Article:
MS-DOS can find files and directories given their names, without full path information, if the search object is on a path specified by the environment variable PATH. For example, if PATH includes C:\PROGRAMS, and file MYPROG.EXE is on this directory, then if
MYPROG is typed at the command prompt, the command processor will execute
C:\PROGRAMS\MYPROG.EXE. In this case,
This command displays the UNC pathnames of mapped network or local CD drives. This command is an undocumented DOS command. The help switch "/?" defines it as a "Reserved command name". It is available in MS-DOS 5.00.0. This command is similar to the Unix which command, which, given an executable found in $PATH, would give a full path and name. The C library function
realpath performs this function. The Microsoft Windows command processors do not support this command.
Displays a file. The more command is frequently used in conjunction with this command, e.g. type long-text-file | more. TYPE can be used to concatenate files (type file1 file2 > file3); however this won't work for large files[dubious ]—use copy command instead.
Restores file previously deleted with del. By default all recoverable files in the working directory are restored; options are used to change this behavior. If the MS-DOS mirror TSR program is used, then deletion tracking files are created and can be used by undelete.
An internal DOS command, that reports the DOS version presently running, and since MS-DOS 5, whether DOS is loaded high. The corresponding command to report the Windows version is
winver. Values returned:
- MS-DOS up to 6.22, typically derive the DOS version from the DOS kernel. This may be different from the string it prints when it starts.
- PC DOS typically derive the version from an internal string in command.com (so PC DOS 6.1 command.com reports the version as 6.10, although the kernel version is 6.00.)
- DR-DOS reports whatever value the environment variable OSVER reports.
- OS/2 command.com reports an internal string, with the OS/2 version. The underlying kernel here is 5.00, but modified to report x0.xx (where x.xx is the OS/2 version).
- Windows 9x command.com report a string from inside command.com. The build version (e.g. 2222), is also derived from there.
- Windows NT command.com reports either the 32-bit processor string (4nt, cmd), or under some loads, MS-DOS 5.00.500, (for all builds). The underlying kernel reports 5.00 or 5.50 depending on the interrupt. MS-DOS 5.00 commands run unmodified on NT.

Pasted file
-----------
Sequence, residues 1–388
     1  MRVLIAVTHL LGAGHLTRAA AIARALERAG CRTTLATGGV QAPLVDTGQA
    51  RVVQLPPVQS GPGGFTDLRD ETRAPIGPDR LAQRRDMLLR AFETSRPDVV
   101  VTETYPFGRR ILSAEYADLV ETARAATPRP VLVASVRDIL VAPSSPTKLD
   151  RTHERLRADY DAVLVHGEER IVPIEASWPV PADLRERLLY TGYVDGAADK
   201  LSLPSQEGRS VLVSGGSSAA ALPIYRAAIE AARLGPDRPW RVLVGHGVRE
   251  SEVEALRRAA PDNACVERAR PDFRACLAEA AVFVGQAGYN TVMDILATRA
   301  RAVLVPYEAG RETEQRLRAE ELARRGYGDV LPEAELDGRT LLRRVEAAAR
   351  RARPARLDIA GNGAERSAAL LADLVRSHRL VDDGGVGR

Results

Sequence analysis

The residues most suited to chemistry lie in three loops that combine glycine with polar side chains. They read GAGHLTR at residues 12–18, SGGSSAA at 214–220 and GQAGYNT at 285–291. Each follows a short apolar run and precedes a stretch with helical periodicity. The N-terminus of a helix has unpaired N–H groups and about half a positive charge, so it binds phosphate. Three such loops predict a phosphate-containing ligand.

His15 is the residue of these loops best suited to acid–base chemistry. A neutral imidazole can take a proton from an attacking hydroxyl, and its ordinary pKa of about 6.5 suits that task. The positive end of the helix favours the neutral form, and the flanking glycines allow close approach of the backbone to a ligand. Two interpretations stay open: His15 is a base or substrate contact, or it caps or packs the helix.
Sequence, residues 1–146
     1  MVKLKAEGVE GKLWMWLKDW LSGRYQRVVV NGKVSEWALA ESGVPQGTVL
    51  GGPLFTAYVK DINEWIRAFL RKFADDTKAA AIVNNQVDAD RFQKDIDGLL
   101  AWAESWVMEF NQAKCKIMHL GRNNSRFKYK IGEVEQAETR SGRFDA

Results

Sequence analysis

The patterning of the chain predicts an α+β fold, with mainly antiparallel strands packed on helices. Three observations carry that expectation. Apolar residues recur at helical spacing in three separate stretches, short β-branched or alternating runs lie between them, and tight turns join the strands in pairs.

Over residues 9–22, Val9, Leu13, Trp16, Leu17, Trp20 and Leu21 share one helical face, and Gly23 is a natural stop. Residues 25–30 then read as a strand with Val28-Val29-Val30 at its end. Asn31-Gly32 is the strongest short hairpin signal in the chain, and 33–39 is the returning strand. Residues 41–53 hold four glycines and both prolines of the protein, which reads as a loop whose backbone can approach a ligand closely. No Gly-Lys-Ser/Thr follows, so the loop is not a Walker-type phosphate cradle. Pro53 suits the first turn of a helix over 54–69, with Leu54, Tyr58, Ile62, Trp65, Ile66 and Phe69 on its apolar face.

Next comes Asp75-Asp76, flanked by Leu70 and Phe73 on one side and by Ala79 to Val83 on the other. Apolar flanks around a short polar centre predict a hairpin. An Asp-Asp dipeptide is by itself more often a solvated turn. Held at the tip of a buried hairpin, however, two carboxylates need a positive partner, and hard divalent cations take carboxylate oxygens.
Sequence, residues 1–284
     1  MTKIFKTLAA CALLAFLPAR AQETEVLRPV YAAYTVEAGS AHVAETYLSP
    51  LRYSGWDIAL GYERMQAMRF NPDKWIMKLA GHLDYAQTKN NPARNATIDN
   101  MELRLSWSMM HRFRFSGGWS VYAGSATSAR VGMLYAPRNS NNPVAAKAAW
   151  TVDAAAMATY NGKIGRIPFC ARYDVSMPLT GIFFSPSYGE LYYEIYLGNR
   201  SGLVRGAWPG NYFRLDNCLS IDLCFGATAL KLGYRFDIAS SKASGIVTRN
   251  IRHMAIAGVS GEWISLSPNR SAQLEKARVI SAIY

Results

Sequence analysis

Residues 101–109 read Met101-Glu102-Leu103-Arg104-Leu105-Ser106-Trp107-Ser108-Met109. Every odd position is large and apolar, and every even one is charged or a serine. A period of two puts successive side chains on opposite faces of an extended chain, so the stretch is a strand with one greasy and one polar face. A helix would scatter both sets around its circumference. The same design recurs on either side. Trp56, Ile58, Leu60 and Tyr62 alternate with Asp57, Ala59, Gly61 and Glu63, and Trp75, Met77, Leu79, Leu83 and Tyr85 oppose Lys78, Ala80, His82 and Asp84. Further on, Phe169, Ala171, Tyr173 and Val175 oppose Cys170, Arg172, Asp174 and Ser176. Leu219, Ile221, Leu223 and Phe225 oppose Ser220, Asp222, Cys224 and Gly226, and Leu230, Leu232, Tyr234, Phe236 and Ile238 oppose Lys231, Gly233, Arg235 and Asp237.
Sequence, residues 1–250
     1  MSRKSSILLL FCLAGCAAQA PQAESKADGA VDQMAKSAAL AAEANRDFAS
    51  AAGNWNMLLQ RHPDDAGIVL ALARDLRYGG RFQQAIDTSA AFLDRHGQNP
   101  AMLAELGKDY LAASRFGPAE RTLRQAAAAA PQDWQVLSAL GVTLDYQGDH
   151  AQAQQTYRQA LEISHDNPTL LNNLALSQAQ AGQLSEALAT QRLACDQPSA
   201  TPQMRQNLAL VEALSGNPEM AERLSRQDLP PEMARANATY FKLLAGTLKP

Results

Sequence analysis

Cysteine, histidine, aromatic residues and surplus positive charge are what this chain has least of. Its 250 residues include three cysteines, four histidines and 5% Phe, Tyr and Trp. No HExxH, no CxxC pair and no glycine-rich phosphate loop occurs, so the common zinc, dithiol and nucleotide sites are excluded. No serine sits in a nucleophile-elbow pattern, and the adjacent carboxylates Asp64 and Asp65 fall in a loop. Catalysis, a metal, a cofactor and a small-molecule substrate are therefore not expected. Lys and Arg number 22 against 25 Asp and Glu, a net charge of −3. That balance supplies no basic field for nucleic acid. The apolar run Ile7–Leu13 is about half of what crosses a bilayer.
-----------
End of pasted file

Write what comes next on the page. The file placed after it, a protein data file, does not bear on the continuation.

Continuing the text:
- The Winver command usually displays a Windows dialog showing the version, with some information derived from the shell. In windows before Windows for workgroups 3.11, running winver from DOS reported an embedded string in winver.exe.
Enables or disables the feature to determine if files have been correctly written to disk. If no parameter is provided, the command will display the current setting.
Copy entire directory trees. Xcopy is a version of the copy command that can move files and directories from one location to another.
- Category:Windows commands
- Command-line interface
- List of CONFIG.SYS directives
- Timeline of DOS operating systems
- "MS-DOS choice command help". Retrieved 10 September 2014.
- "Caldera DR-DOS 7.03 User Guide". Retrieved 10 September 2014.
- EasyDOS Command Index
- DR DOS 6.0 User Guide. Digital Research. 1991.
- Cooper, Jim (May 2001). Using MS-DOS 6.22. Que Publishing. p. 455. ISBN 0789725738.
- "MS-DOS mode command help". Retrieved 10 September 2014.
- "MS-DOS msd command help". Retrieved 10 September 2014.
- "Microsoft TechNet Rename (ren) article".
- Karp, David Aaron; Tim O'Reilly; Troy Mott (2005). Windows XP in a nutshell. Nutshell handbook (2 ed.). O'Reilly Media, Inc. p. 422. ISBN 978-0-596-00900-7. Retrieved 2010-11-26.
- "Microsoft on "sort"". Retrieved 10 September 2014.
- "DOS Command: VERIFY". Retrieved 10 September 2014.
|Wikibooks has a book on the topic of: Guide to Windows Commands|
- Command-Line Reference : Microsoft TechNet Database "Command-Line Reference"
- The MS-DOS 6 Technical Reference on TechNet contains the official Microsoft MS-DOS 6 command reference documention.
- DR-DOS 7.03 online manual
- MDGx MS-DOS Undocumented + Hidden Secrets
There are several guides to DOS commands available that are licensed under the GNU Free Documentation License:
- The FreeDOS Spec at SourceForge is a plaintext specification, written in 1999, for how DOS commands should work in FreeDOS
- MS-DOS commands
- Reference for windows commands with examples
- A Collection of Undocumented and Obscure Features in Various MS-DOS Versions